I met with the choirlet last night, and enjoyed the rehearsal very much.
As soon as I walked in the door, though, they asked, “So, what did you think of the praise band?”
In meaning voices.
They had a lot of very interesting things to say about music and worship. There was some rough language, frankly, so I won’t reproduce the conversation here.
But I mentioned that the Worship Task Force is trying to move toward a more cohesive style of worship. We have consistently excellent sermons, and the music is now pretty satisfying in both services, or definitely on the way. But we want to have the music, the sermon, and a number of other multisensory elements work together and support one another.
So far, the “technology” —
And may I just say here how much I hate the use of the term “technology” for “computers”? An atlatl is an example of technology,too, and it is just confusing and stupid to say “technology” when what you really mean is “computer.” I have to put up with that a lot, too, in several contexts in which I don’t feel that I can complain. Thank you for listening.
— the “technology” tends to be screwed up. The participatory elements come and go. The anthem is often unrelated to the message and the opportunities for reinforcement of the seasonal and scriptural points get lost.
Which is perfectly normal. In worship, and — as CD pointed out — in many styles of music, too, there is a feeling that “polished” is the opposite of “authentic.” No one in our happy little church wants to have the megachurch/televangelist experience of feeling as though the service is a stage show. But I think that having the elements support one another will make the service more satisfying, without the people’s really even thinking about the change. And I think that the whole “No, that’s the wrong screen — uh, sorry, we thought we’d have the words up —” is distracting.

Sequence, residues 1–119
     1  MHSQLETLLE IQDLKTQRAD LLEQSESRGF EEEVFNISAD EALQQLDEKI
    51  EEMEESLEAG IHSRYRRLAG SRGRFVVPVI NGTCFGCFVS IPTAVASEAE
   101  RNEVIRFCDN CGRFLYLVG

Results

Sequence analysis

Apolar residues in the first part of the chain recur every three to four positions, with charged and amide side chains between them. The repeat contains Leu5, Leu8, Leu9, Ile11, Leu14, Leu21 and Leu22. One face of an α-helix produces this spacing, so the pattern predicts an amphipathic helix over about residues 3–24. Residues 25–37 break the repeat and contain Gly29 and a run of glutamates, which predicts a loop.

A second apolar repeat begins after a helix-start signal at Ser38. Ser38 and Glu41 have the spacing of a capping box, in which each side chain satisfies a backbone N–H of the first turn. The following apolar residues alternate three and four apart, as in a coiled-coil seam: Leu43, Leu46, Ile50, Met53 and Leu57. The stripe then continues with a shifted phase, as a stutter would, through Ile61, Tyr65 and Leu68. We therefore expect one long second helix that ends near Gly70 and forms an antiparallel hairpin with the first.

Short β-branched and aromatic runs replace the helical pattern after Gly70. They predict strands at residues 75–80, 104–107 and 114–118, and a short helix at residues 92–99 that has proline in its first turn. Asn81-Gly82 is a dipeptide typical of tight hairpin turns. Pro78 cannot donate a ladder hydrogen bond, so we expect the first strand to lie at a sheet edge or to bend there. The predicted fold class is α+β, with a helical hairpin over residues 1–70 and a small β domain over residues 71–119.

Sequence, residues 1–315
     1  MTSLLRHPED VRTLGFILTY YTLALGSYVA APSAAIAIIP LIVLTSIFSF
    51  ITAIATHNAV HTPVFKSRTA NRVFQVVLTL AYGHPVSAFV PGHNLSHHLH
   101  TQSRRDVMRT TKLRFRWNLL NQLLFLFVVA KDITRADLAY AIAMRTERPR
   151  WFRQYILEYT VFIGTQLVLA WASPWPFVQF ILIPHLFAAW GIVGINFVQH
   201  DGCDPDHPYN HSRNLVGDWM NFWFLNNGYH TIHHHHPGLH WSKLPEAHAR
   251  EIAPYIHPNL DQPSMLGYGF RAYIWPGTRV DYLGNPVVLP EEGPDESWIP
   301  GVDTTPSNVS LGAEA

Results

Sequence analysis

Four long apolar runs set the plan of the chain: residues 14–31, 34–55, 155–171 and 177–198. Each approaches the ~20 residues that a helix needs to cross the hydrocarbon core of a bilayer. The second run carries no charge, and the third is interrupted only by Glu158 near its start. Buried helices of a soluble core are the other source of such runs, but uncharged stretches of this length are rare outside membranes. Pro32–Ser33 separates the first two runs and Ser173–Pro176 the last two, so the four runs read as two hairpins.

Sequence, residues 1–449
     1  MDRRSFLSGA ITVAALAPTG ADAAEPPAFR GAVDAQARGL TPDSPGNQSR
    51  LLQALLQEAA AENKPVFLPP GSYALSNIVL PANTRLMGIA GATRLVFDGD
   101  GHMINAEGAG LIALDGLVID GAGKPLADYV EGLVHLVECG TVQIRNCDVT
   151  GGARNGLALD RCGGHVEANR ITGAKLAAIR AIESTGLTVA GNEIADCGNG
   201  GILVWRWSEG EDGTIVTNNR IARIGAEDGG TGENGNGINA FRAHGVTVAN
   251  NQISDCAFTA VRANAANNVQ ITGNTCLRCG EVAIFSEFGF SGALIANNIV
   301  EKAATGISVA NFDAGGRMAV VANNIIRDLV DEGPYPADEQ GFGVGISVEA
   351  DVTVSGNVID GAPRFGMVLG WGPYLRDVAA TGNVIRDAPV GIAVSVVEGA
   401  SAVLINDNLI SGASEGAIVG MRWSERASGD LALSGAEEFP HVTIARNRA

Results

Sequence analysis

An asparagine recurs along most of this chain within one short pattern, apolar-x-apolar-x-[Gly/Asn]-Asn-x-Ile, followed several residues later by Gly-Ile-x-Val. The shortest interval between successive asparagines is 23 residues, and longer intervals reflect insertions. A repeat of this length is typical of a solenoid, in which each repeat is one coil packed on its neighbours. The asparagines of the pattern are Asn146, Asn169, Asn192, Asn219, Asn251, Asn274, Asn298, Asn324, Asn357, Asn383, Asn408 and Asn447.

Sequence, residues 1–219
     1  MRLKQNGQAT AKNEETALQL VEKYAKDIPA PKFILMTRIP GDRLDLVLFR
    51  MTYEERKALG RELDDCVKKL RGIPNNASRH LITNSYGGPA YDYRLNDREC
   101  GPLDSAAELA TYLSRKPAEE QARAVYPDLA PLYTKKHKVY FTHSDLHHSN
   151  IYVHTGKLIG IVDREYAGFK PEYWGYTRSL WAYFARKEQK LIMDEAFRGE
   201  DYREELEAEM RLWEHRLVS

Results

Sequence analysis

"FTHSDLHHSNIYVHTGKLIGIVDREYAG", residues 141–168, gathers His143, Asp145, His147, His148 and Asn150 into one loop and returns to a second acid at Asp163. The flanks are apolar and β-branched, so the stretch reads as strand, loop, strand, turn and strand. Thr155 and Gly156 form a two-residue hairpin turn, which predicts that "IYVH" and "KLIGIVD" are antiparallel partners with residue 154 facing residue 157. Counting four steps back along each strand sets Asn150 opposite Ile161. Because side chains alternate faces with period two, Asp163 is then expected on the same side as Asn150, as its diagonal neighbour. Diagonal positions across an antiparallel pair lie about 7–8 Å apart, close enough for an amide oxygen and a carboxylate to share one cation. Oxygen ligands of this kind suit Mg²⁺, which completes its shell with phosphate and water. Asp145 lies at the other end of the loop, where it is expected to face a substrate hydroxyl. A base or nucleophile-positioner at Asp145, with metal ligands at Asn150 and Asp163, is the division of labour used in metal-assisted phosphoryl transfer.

The choirlet played a bluegrass song for us at one point, and CD took the opportunity to mention how excellent the quality of their music was. “The pitch is spot on,” she said. She raved about their timing. I agreed fervently.
I think the choirlet are converts to the idea of precision and quality in the music. They are fun to work with, and good at arranging pieces. They have been able to embrace the idea of working on pitch and dynamics without losing the pleasure they take in belting out a good country gospel tune.
Next, the praise band?
5 thoughts on “Wednesday April 9, 2008”
Hooray for bluegrass in church! I guess I’m just a down-home, tent revival kind of gal.
Second the motion! Even when it’s “By The Marks”! Hooray for bluegrass in church!
one group at a time, one group at a time
I know nothing about your praise band. That being said, as someone who was hired into a hornet’s nest of a music program (we’re talking issues that created a church feud with many members who posed ultimatums and lost), I must warn you that you are not a wanted feature in their group. It’s not that you have no use and it’s not that they wouldn’t gladly have some improvement, it’s that you are still an outsider.
It took almost a year for me to bring the majority of the choir around to my side and even now some come and go in huffs. That was with me being hired as the leader, placed in charge from step one. If you’re someone who appears to be on the fringes of The Dark Side, then when suggest changes they will take up immediate resistance to you no matter what they say to the contrary.
I am not making this up.
@chanthaboune – I believe you, and that you know whereof you speak, and I appreciate your wise words.
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